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The real question on Syria: Why no war crimes indictments yet?

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But if one thing is clear from Mr. Assad's actions in recent months, the utterance of "magic democracy words" by Obama (as some supporters of his policy of keeping Ambassador Robert Ford in Damascus call them) won't shift the regime by themselves.

What's been more striking to me, given the mounting evidence that Syria is deliberately turning portions of restive cities into free-fire zones and torturing protesters to death in custody, including some teenage boys, is the lack of action from the International Criminal Court (ICC). In the past day alone, 17 protesters have been killed by security forces across the country, Al Jazeera reports. In Hama, a restive city where Assad's father and predecessor ordered thousands killed in the early 1980s for rising up against him, local activists say 200 have been killed since the start of Ramadan on Aug. 1 and more than 1,000 arrested.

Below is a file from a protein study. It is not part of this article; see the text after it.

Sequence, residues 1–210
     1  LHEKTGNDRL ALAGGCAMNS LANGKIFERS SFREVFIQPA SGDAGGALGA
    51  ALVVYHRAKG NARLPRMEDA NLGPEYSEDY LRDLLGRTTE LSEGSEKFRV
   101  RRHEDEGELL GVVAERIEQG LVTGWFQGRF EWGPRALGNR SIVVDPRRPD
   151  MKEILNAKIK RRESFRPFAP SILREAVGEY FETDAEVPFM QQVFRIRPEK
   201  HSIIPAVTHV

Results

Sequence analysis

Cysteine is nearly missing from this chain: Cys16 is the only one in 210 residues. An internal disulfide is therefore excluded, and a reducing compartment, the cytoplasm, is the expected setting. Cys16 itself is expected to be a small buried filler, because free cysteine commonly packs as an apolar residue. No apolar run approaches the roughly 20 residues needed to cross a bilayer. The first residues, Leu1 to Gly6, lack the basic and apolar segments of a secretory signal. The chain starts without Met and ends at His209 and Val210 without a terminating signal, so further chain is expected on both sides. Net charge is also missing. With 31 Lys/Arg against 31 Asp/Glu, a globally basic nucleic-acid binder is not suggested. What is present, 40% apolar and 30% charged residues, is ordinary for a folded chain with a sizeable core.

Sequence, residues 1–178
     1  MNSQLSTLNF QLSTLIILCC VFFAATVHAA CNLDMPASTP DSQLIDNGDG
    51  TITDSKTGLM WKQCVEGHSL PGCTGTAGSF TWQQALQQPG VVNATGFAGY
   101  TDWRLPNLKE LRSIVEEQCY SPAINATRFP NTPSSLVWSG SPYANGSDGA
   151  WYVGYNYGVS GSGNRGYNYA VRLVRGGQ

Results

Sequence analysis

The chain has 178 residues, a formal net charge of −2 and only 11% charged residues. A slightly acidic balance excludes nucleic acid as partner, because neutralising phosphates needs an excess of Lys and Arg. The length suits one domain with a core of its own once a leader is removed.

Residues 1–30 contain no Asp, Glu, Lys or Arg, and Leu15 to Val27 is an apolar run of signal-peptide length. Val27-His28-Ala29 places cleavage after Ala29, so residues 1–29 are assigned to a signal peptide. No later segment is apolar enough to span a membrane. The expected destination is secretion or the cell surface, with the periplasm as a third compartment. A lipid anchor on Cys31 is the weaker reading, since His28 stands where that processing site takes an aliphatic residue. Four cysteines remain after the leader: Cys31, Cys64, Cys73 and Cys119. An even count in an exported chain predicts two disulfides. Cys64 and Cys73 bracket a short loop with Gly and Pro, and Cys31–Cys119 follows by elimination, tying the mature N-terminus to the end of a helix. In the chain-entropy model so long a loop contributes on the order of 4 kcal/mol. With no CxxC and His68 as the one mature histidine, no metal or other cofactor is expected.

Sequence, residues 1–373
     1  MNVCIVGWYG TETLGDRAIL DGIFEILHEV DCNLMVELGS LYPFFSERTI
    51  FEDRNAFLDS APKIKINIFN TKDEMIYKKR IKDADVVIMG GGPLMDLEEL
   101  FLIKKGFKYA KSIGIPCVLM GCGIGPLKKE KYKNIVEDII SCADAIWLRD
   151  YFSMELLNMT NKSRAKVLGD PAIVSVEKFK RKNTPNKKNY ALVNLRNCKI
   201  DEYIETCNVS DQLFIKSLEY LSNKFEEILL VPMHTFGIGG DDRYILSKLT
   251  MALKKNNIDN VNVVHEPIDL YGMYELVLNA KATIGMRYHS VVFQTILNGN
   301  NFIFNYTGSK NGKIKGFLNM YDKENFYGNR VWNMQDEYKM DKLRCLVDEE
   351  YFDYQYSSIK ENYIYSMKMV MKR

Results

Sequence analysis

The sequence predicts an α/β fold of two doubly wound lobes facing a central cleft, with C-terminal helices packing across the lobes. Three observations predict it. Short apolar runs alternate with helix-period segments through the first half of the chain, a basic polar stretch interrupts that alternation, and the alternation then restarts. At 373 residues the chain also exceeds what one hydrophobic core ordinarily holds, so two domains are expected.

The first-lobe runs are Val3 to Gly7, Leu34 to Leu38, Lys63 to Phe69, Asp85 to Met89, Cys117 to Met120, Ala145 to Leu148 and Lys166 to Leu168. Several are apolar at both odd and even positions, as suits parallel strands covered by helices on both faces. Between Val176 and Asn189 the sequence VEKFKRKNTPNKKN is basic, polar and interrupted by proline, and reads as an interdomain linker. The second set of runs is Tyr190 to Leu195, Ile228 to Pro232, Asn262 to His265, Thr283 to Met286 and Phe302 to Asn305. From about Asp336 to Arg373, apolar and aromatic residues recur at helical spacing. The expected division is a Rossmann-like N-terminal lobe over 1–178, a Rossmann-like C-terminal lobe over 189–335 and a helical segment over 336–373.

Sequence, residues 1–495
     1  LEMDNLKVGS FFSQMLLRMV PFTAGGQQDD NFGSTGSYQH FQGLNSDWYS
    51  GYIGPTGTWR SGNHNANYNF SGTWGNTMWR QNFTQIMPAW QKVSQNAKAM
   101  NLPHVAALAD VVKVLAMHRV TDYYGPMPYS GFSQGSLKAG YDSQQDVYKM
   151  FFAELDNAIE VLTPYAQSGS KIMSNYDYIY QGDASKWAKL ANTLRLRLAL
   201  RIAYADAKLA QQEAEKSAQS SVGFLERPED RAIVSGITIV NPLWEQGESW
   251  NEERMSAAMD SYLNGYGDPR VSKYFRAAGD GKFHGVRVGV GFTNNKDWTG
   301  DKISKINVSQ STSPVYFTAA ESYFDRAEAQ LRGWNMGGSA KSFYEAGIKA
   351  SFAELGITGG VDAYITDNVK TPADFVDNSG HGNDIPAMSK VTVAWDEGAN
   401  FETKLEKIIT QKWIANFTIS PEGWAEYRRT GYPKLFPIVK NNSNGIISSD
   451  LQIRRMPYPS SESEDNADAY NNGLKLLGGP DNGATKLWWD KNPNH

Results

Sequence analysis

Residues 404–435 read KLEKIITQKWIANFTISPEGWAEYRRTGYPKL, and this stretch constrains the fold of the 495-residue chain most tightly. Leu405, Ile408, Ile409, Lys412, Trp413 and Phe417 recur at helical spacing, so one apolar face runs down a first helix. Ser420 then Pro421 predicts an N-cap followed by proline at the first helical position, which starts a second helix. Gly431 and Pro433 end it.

Syria is five months into its uprising, and more than 2,000 people have been killed so far. The ICC opened up a formal investigation into Qaddafi and some of his lieutenants just three weeks into the country's uprising. Chief prosecutor Luis Moreno-Ocampo requested arrest warrants on May 16, which were duly handed out on June 27.

Mr. Moreno-Ocampo, who has been vigorous in his complaints about crimes in Libya, has been largely silent on Syria. But the violence in Syria has been as bad, or worse, than in Libya, and it's clearly being carried out as part of an orchestrated campaign.

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